Celia Pearce's article "Sims, BattleBots, Cellular Automata God and Go: A Conversation with Will Wright" talks about how interactive entertainment and simulation are what gamers want. They don't want a game that tells them what to do and offers little alternatives in the decisions the player can make, they won't wide open situations that the player can structure themselves. Their conversation discusses a lot about how Wright, the creator of the Sims video game, feels about the interactive and simulation characteristics of games and how that makes them so fun to play. Wright goes on to talk about what draws him to video games and that's the interactive environments that allow the player to be creative. When players see what they have created and it's unique to them, they invest in it emotionally. Wright talks about the inspiration behind Sim City, a game called Pinball Construction Set where the player created a pinball game and then could play it. He also talked about a flight simulator game where he would test out what would happen if he crashed or did certain maneuvers. He would experiment with the game because he was free to do so. Then he talks about his favorite board game Go, which is a really abstract game and how it brings people's different mental models into agreement as the game progresses.
Wright also starts to talk about how people personify and identify themselves with the characters in The Sims. Like when planning what job the players are seeking for their character and what relationships they seek, they refer to the character as "I." But when the character fails or rebels, the character is then refered to as "He". This is a real interesting dynamic in that it applies to other situations. For example, when the Badgers win the football game on Saturdays, the fans usually say we won. But if they lose, I usually end up saying they lost. Like I'm putting it on them when they lose, but in a pseudo way accepting credit when they win. Kind of interesting.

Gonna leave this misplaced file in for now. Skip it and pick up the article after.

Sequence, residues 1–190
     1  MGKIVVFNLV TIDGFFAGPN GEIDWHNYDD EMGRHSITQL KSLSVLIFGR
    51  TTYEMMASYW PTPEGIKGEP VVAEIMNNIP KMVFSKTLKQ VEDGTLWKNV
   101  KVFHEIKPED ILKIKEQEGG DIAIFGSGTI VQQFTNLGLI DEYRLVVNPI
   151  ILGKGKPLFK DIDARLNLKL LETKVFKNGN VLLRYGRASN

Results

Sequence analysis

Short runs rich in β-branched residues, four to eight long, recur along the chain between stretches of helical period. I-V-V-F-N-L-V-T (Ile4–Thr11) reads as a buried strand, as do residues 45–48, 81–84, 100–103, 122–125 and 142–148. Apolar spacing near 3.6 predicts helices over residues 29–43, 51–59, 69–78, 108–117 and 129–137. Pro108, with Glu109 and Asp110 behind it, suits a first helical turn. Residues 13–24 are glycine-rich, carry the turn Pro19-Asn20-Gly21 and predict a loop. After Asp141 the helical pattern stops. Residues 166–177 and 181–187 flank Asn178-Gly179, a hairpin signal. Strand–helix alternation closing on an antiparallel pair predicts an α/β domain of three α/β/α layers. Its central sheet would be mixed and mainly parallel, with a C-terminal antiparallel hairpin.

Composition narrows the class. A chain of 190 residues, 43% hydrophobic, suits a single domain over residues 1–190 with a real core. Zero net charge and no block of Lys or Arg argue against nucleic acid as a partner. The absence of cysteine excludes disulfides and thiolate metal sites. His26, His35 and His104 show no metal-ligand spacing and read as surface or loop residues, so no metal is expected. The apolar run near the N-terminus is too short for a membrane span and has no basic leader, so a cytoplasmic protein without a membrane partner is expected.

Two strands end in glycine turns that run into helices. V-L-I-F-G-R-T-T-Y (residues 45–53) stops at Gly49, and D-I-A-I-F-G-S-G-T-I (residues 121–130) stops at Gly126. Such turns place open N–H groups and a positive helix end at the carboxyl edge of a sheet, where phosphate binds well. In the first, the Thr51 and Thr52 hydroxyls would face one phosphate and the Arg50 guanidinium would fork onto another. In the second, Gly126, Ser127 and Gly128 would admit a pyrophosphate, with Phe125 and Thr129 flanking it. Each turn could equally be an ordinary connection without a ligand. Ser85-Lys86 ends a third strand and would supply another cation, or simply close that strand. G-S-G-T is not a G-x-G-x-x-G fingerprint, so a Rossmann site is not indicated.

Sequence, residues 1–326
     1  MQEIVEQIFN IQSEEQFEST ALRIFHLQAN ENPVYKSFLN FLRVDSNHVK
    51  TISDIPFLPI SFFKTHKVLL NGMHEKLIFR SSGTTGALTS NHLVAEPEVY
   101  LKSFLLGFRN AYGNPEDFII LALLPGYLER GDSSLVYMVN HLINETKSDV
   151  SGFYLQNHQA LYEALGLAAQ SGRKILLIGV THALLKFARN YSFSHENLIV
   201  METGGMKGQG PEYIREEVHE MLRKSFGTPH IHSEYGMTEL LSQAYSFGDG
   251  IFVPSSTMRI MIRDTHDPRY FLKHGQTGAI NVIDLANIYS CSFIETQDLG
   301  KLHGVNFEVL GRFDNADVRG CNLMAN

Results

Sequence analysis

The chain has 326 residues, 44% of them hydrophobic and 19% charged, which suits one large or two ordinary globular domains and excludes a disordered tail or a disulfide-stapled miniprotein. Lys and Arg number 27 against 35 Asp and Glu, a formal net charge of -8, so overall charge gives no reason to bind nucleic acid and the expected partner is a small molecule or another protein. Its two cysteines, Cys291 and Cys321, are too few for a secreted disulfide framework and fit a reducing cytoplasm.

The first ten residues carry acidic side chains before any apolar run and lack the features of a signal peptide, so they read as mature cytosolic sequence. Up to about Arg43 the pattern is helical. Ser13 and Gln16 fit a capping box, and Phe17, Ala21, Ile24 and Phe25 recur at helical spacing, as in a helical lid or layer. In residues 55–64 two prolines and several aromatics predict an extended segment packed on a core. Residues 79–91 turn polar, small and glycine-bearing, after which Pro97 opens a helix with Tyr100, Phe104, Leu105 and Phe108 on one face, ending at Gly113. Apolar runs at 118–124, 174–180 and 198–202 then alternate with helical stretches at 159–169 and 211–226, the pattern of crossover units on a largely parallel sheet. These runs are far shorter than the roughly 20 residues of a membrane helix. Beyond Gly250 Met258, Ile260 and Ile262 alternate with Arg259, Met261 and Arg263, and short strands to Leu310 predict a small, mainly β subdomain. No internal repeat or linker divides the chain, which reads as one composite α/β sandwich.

They go on to discuss how people pursue different goals and how they're working on a multi-player version of The Sims so you can use the help of other characters to accomplish you goals.
Then, Wright talks about how he wants players to appreciate how connected things are through space and time. His goal is to make the possibilities to be as wide as possible, with as much space as possible. I immediately thought of GTA here, because even though you have missions to complete, you as a player are free to do whatever you want. You choose to do missions, so if you don't want to, you can simply roam about the environments trying new things and doing whatever you want.
Then Wright starts to discuss the blurring of the consumer and the producer which Greg Tracy talked about yesterday with regards to Sharendipity. Wright thinks that there are media like the internet where the interaction between both is a "smooth ramp." The Sims has that same blend in that you create your character and are the audience and you can put your storyboard and what you've created and put it on the web.
The final big topic of discussion is that in games time isn't always linear. You can always go back and load a saved game, etc. He compares it to films like Run Lola Run, which is pretty good, I suggest you check it out. Basically, the film replays the same scenario in which Lola is trying to get money for her friend Manni who is in trouble and needs it. The whole scene replays with things being different every time. It's a good example, because the entire scene starts with Lola waking up to an alarm and goes from there playing the whole scene, instead of just rewinding and starting from a specific spot in the story.